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This article was published on May 3, 2017

This is what fraud looks like in the age of Artificial Intelligence

This is what fraud looks like in the age of Artificial Intelligence
Ben Dickson
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Ben Dickson

Ben Dickson is the founder of TechTalks. He writes regularly about business, technology and politics. Follow him on Twitter and Facebook Ben Dickson is the founder of TechTalks. He writes regularly about business, technology and politics. Follow him on Twitter and Facebook

You’re summoned to court where a ton of evidence including phones calls, handwritten notes, emails and chat logs undeniably prove your complicity in a crime.

The problem is, none of that evidence belongs to you. They have been masterfully crafted by Artificial Intelligence algorithms that have meticulously profiled you.

This is not an excerpt from Blade Runner. It’s the here and now. Developments in Artificial Intelligence are helping revolutionize many fields such as conversational commerce. But the same technology can serve as a tool to invade privacy and commit acts of fraud.

Here are some of the ways fraudsters may put AI to ill use in the future.

Handwriting forgery

In the old days, imitating hand writings and signatures was a feat that required skill and practice. Not anymore, according to an AI algorithm developed by researchers at University College London (UCL).

Titled “My Text in your Handwriting,” the algorithm only needs a paragraph’s worth of script to learn a person’s handwriting. It can then write any text in the person’s handwriting. This is the most accurate replication of human script to date.

The innovation has positive uses such as helping stroke victims formulate letters without the concern of illegibility. It can also help in translating comic books while preserving the author’s original writing style.

However, evil actors can also take advantage of the technology. Given its accuracy, it can become instrument in forging legal and financial documents—or maybe changing history. The researchers were able to reproduce the handwriting of as Abraham Lincoln, Frida Kahlo, and Arthur Conan Doyle.

The researchers claim that forensics experts could tell the difference. But that will become harder as the software develops and becomes more advanced.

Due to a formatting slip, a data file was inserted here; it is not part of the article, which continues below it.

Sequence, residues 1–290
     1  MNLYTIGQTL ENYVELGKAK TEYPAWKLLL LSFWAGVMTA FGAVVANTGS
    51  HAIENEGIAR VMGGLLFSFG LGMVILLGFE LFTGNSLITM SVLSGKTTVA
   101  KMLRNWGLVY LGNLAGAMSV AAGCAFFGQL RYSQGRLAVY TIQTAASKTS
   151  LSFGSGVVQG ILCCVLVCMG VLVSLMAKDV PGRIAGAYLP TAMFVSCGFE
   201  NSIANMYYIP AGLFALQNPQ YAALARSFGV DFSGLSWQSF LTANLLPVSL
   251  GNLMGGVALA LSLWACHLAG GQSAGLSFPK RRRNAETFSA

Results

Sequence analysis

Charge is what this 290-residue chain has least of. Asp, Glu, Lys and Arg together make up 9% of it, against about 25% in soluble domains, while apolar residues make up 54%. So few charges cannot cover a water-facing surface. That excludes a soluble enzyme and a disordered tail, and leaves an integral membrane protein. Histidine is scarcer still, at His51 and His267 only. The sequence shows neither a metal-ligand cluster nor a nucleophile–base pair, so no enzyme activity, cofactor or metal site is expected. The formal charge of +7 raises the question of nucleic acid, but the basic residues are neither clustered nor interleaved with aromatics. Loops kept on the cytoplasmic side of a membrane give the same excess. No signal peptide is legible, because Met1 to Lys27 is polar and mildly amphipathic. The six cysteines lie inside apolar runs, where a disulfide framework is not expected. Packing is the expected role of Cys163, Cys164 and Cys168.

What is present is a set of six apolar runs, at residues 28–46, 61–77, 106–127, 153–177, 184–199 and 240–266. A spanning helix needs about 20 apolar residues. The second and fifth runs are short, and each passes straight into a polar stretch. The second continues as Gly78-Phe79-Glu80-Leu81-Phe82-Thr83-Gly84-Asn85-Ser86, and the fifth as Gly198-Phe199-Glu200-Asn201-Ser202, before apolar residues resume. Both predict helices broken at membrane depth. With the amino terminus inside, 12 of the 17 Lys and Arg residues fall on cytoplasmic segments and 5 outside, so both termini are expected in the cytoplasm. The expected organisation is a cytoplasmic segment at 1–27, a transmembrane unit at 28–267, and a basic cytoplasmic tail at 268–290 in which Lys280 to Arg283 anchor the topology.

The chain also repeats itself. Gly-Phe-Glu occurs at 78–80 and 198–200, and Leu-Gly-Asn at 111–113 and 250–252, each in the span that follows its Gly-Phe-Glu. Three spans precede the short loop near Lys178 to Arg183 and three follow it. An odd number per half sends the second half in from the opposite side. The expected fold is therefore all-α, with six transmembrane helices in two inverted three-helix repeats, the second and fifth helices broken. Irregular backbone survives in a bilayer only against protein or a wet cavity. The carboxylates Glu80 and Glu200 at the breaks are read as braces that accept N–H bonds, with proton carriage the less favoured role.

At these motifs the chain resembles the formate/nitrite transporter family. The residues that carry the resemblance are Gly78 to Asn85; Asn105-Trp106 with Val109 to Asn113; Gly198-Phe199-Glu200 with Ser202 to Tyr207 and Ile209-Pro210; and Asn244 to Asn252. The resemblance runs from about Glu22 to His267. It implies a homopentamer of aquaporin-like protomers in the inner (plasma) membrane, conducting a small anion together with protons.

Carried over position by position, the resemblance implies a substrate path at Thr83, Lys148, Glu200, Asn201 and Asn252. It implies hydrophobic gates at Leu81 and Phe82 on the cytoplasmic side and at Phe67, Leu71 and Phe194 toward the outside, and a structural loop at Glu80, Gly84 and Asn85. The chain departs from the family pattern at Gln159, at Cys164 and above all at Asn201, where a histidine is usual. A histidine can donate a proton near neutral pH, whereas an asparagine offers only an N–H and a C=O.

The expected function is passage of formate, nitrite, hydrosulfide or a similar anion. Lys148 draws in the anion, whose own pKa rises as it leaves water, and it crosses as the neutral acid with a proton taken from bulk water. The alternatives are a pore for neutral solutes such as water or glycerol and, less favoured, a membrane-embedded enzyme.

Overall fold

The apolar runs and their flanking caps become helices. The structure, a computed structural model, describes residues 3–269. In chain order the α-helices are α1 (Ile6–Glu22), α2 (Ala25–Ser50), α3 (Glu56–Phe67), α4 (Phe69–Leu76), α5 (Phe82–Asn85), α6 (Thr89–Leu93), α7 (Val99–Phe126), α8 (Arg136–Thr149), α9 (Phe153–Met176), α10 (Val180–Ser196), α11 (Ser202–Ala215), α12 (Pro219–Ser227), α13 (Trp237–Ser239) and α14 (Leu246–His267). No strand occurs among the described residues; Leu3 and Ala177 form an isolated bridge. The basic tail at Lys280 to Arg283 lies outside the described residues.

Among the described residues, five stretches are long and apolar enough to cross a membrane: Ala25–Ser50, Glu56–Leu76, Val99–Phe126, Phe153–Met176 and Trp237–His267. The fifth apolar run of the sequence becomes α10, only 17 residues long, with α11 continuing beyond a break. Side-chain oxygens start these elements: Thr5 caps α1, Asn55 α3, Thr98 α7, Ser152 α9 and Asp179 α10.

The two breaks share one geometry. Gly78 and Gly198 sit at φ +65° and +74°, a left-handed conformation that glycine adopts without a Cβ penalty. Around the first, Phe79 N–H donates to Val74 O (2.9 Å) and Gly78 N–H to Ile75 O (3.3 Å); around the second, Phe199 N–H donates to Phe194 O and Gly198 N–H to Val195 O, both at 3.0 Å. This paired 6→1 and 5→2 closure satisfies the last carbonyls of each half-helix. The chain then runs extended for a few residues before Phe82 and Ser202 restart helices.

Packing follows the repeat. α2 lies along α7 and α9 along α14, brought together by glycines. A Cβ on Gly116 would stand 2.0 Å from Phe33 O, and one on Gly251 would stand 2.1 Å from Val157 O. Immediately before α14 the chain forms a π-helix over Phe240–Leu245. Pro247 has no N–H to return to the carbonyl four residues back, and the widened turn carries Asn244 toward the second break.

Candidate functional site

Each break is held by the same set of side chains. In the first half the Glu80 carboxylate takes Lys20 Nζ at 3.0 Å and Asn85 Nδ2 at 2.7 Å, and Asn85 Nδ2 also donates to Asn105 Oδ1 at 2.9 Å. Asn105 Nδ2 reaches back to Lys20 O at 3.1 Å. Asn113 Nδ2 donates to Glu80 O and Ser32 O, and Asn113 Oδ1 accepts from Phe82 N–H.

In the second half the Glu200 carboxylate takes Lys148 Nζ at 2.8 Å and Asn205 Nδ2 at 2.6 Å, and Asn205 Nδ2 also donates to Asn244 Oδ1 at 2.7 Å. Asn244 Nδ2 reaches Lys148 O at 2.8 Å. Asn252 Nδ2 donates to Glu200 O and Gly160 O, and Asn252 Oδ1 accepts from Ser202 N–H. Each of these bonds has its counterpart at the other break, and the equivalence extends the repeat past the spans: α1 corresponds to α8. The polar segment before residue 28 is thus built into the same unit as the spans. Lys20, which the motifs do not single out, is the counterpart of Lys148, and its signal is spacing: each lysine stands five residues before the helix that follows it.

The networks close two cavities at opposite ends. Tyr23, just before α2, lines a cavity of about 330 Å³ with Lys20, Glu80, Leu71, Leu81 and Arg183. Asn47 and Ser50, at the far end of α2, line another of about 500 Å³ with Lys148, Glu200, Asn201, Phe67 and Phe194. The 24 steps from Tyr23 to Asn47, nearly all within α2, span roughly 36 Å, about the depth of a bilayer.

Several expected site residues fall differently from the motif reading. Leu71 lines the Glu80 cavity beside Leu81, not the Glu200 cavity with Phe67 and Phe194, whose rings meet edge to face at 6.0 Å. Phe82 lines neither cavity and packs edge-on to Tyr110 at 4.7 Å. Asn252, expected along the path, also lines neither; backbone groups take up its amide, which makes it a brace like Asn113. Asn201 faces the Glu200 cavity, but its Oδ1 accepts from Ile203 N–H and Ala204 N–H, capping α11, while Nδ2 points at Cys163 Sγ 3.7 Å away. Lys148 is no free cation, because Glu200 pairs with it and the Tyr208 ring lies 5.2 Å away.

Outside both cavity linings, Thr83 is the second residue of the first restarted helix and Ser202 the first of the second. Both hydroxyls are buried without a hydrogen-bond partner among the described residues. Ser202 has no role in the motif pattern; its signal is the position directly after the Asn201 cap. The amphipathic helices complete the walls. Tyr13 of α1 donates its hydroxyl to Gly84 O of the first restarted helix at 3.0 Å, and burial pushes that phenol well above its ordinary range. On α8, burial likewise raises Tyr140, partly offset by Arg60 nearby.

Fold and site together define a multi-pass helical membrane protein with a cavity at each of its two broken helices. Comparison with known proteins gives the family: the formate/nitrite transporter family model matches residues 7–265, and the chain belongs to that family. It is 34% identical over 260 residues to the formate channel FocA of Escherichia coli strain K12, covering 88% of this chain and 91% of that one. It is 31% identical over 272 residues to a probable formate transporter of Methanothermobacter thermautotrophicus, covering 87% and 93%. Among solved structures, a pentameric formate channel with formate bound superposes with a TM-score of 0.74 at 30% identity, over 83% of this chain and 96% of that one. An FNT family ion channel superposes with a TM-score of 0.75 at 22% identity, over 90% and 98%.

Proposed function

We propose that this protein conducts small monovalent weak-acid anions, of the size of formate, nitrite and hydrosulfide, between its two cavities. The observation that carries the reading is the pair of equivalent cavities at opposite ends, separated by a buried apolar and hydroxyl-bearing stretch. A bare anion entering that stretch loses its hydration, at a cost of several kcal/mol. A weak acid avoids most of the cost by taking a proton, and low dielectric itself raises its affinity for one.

Fake conversations

Chatbots are finding their way into more and more domains. And thanks to artificial intelligence, they’re succeeding in providing increasingly natural experiences. But what happens when they become too real?

Last year, messaging app company Luka created a chatbot that impersonated the cast of HBO’s Silicon Valley. The app’s neural networks ingested the script from the first two seasons of the show to learn the characters’ language patterns. It then created bots that talked like the actual fictional characters.

Two seasons’ worth of dialogue is not enough to create an efficient chatbot, but the idea behind it was very real.

A few months later, the company used the same technique to virtually bring the dead back to lifeBy feeding the algorithm with a history of text messages, social media conversations and other sources of information, Luka’s engineers succeeded in creating a chatbot based on the company’s deceased co-founder.

Luka wants to create bots that mimic real-life people. And with newer generations of people creating even more digital content, that goal is becoming achievable. Such chatbots can have some very productive uses — as long as they are within your control.

But fraudsters can put the same technique to malicious uses. For instance, spear phishers usually spend weeks and months to learn and mimic the habits of their targets. Will they use AI and machine learning as a shortcut?

Voice forgery

TNW recently ran a report about Lyrebird, an AI company that synthesizes speech in anyone’s voice with a one-minute recording. The samples published on the company’s website are rather rudimentary.

Google’s Wavenet provides a similar functionality. It requires a much bigger data set, but it sounds eerily real. The technology behind it is, as you guessed it, neural networks.

The point is, the technology is advancing at an accelerating pace. And as Lyrebird’s founders warn, copying the voice of someone else is possible and audio recordings might no longer be a trusted source of evidence.

When put together, voice, handwriting and conversation forgery can do an awful lot of good — or evil. We might be heading toward an era where guarding your every bit of data will become critical.

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